20 Memorable Shots of Seve Ballesteros - #15 is my Favorite!

No one enjoyed the Ryder Cup more than Seve Ballesteros and this photo shows a moment of celebration between him and Ian Woosnam as they toasted a famous victory at The 1995 Ryder Cup at Oak Hill Golf Club.

13. Seve in a crowd.

Seve was beloved by British golf fans. They would flock to Open Championships and European Tour events to see the matador-like flair of the Spaniard. This photo was taken during the first round of The 1988 Open Championship at Royal Lytham and St Annes Golf Club.

14. All eyes onSeve.

Thousands of fans gather for the play-off at the 1991 Volvo PGA Championship on the first hole at Wentworth, where Seve battled Colin Montgomerie for the title. This five iron from 220 yards would finish three feet from the hole and secure the win for Ballesteros. Many consider it one of best shots in European Tour history.

15. An intimate lesson from Nick Faldo.

Nick Faldo helping Seve Ballesteros on the range at the 1992 Johnnie Walker World Golf Championship at the Tryall Golf Club in Jamaica. We’re not too sure why Seve isn’t wearing any trousers.

16. Seve the magician.

Ballesteros entertains guests at a clinic ahead of the 1988 European Open at Walton Heath Golf Club.

17. Between the legs.

And if you thought off the knees was too easy, here’s Seve during a practice round at The 1998 Open Championship at Royal Birkdale escaping a green side bunker between his legs.

18. Seve in the gym.

In an effort to keep fit Seve installed a personal gym in his home in Pedrena in Spain. Here he is at 38 years old running on his treadmill preparing for the 1996 European Tour season.

19. Victory for Seve.

A young Jesper Parnevik looks on as Seve celebrates holing the winning putt at the 1992 Turespana Open de Baleares at the Golf Santa Ponsa in Spain.

20. Farewell to the Open.

In 2006 Seve bid an emotional farewell to The Open Championship at Royal Liverpool Golf Club alongside his son, Javier, on the bag. He finished his career having won the Claret Jug three times with 28 appearances in total at The Open.

Source: European Tour

Pictures: Getty Images

Thanks for reading – 20 Memorable Shots of Seve Ballesteros – #15 is my Favorite!

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The Best Golfing States in the Land - My State came in #5!

The Best Golfing States in the Land – My State came in #5!

The Best Golfing States in the Land – My State came in #5!

Golf Chats is a website to encourage discussions on various subjects relating to the game of golf. I am Mel Sole, Director of Instruction of the Mel Sole Golf School and SAPGA Master Professional.  I invite you to enter into a discussion on this or any article on the golfchats.com website.  The input is for the entire subscriber base to learn something new each time!  Please post your comments below.  Keep it clean and tasteful.  We are here to learn from one another!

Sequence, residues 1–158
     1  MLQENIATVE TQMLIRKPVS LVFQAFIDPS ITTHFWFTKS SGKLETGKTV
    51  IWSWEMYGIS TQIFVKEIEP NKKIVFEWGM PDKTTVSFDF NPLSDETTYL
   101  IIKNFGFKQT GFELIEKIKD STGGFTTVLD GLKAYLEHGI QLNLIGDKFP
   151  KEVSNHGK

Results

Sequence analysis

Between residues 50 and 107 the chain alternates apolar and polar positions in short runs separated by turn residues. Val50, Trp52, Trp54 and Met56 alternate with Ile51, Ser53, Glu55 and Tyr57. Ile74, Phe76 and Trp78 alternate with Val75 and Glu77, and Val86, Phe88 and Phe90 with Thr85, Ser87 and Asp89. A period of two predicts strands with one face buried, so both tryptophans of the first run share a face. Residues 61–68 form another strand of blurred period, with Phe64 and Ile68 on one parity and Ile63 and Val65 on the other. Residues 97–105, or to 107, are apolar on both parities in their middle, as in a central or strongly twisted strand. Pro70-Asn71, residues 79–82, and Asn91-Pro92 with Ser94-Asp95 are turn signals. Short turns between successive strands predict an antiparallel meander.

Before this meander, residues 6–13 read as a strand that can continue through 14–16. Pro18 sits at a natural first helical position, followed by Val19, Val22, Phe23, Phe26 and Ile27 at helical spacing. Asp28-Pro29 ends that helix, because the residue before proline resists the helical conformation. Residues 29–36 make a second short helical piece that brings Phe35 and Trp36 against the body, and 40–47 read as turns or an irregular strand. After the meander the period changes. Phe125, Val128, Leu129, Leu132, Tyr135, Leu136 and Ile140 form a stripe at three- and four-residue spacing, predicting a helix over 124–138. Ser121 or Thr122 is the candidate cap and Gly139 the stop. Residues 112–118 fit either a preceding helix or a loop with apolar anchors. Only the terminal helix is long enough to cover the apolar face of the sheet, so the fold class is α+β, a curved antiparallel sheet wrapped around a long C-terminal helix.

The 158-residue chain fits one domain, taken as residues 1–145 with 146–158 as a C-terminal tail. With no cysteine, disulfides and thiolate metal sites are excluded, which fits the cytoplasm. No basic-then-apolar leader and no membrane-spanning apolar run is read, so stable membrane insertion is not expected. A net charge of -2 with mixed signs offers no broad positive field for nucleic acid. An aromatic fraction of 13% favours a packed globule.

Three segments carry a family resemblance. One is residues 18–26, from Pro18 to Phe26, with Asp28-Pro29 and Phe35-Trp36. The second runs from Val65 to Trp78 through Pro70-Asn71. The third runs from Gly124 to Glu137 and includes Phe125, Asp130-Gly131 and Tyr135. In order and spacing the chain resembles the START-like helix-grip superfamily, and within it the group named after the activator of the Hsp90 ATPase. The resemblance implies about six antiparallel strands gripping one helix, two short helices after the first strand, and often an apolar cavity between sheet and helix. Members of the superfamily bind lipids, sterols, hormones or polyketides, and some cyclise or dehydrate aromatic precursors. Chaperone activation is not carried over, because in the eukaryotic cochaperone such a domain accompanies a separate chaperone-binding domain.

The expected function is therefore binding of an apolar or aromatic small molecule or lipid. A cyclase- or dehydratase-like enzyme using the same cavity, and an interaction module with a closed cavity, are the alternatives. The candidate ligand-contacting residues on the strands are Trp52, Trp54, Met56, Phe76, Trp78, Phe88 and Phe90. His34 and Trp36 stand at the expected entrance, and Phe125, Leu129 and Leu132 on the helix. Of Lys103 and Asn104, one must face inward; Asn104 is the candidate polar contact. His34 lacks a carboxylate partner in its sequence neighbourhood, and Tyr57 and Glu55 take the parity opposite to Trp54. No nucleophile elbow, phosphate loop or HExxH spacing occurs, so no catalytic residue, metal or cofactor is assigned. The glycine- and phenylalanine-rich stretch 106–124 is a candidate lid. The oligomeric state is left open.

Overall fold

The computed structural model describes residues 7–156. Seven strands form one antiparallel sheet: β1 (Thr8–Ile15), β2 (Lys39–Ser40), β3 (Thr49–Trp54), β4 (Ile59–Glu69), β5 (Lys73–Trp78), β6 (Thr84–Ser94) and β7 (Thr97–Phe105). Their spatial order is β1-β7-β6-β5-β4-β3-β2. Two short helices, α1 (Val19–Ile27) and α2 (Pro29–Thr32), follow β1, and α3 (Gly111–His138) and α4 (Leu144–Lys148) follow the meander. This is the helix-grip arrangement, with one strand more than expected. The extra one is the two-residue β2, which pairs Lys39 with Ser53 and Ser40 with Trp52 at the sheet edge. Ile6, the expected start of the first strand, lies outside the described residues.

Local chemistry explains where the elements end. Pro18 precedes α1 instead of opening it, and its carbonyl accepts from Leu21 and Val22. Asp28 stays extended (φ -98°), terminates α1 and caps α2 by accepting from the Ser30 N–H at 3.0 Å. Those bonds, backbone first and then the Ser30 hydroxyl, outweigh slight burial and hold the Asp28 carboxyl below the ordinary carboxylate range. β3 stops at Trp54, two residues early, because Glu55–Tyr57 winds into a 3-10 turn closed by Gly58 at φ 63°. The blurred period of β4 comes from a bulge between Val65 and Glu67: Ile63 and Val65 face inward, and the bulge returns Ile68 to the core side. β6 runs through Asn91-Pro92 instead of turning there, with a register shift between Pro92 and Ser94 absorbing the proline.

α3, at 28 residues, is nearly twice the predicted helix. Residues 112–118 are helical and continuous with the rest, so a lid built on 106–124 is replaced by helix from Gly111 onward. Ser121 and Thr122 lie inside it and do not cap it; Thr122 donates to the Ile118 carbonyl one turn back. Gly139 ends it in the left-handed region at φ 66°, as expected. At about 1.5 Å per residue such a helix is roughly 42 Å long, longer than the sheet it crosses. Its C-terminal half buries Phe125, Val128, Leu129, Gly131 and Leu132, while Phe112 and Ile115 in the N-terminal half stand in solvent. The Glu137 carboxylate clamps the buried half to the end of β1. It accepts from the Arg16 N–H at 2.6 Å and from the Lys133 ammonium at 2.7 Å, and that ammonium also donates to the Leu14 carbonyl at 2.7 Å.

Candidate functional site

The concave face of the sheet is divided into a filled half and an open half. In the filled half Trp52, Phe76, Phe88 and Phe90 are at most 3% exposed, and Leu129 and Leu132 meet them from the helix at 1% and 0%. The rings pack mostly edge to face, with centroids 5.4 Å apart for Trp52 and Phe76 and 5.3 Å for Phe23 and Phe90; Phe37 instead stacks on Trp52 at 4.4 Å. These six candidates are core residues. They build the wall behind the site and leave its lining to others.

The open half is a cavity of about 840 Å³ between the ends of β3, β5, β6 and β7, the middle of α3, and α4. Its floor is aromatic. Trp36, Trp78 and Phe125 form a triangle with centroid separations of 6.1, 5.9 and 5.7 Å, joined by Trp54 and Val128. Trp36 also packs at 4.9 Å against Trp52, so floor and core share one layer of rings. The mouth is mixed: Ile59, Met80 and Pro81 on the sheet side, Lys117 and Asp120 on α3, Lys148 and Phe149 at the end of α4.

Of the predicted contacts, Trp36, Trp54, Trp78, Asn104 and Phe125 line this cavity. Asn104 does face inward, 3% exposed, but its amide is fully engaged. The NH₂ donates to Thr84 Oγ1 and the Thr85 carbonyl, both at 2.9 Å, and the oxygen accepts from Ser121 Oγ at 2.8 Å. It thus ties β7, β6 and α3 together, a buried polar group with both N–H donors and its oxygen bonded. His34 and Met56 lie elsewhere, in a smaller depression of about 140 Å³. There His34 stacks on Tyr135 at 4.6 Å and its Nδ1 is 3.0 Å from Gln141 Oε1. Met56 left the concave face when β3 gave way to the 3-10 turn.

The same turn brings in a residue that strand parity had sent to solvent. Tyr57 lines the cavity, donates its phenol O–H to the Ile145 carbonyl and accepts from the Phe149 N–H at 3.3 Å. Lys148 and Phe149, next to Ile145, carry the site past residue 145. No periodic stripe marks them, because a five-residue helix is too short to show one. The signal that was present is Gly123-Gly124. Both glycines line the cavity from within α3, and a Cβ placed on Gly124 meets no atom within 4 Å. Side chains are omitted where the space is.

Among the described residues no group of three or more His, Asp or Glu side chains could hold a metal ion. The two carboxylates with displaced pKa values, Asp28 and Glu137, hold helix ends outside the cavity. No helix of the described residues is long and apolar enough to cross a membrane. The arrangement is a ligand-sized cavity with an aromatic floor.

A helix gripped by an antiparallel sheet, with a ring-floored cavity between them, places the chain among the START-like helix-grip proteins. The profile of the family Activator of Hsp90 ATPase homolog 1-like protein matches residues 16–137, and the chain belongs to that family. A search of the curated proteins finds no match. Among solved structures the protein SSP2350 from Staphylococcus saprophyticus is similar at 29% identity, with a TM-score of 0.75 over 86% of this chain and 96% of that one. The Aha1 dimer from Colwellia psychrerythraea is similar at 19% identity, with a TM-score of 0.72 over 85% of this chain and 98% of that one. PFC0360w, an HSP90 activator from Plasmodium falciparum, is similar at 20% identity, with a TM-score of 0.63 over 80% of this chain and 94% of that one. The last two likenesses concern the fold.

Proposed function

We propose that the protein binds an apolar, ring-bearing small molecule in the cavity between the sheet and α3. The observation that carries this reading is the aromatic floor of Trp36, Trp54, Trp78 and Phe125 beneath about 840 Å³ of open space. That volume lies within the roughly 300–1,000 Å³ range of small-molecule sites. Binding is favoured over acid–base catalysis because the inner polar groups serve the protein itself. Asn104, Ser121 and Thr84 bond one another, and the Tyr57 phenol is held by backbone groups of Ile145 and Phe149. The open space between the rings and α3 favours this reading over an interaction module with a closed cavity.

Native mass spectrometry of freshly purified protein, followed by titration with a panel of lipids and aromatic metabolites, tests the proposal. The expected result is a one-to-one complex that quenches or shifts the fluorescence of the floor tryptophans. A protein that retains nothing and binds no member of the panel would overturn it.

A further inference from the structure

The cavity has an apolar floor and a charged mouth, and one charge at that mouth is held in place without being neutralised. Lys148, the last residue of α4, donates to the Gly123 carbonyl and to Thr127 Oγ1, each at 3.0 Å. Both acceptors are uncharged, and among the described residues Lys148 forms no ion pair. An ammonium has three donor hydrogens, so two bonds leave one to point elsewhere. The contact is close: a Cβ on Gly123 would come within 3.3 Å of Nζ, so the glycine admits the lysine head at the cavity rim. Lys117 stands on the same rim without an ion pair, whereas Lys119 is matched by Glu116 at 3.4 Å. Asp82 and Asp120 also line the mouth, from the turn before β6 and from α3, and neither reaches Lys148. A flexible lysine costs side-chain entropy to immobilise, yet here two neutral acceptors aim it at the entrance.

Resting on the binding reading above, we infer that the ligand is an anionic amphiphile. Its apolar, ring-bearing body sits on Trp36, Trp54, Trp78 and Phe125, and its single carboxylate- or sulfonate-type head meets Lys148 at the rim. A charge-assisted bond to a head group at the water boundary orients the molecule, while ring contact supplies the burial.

Where Does your State Rank in “Golfiness” ?

Jim Moriarty has written a terrific story for LINKS Magazine called ‘The Best Golf States.”  Jim says each state’s “golfiness” is considered. That means that the following factors are studied and tallied to decide how ‘golfy’ your state is.

               1. percentage of estimated golfers per the current population

              2. number of facilities

               3. state’s place in the record book of American golf

(examples: the Masters is in Georgia and California has Pebble Beach)

               4. Weather and Commute

Read more about this first-ever “best-golfing states” ranking, and find out where your state came in!

 

Believe it or not, there has never been a ranking of the best states in golf. Until now.

By: Jim Moriarty

In a preview of our spring issue cover story on the golf ranking of all 50 states, here’s a sneak peak at the first 10. How do you define best? Ultimately, the answer came down to one elusive word: ‘golfiness.’

We also took into consideration a number of benchmarks gleaned from statistical information obtained from the National Golf Foundation and elsewhere: where each state ranks in terms of percentage of estimated golfers, number of facilities, total rounds and rounds played per estimated golfer, in addition to the somewhat more amorphous measurement of passion which the NGF has posited on a 1-to-5 scale, with 1 the highest. Weather and golf history were also factors.

Let the 19th-hole debates begin.

1. FLORIDA.

You are my sunshine. Not the only one, just No. 1.

2. MICHIGAN.

The state where Hogan brought the Monster to its knees.

3. OHIO.

Giving us Jack Nicklaus is reason enough to be in anyone’s top five.

4. CALIFORNIA.

And if Jack had just one more round to play, it would be at Pebble Beach.

5. SOUTH CAROLINA.

The Lowcountry is where golf washed ashore in America.

6. TEXAS.

Hogan, Nelson, and Babe Zaharias alone make it a six-shooter.

7. ARIZONA.

Holy Leaping Cactus, it’s a dry heat and prickly good golf.

8. WISCONSIN

A Midwestern state on the ascendency: Whistling Straits, Erin Hills.

9.. GEORGIA

In April there is no golfier place on Earth. One out of 12 ain’t bad.

10. ILLINOIS

Like the Western Golf Association, once more major than it is now.
To read the full cover story and see the complete ranking, click here.
 
Pictures : LC Lambrecht   Jim Mandeville    Evan Schiller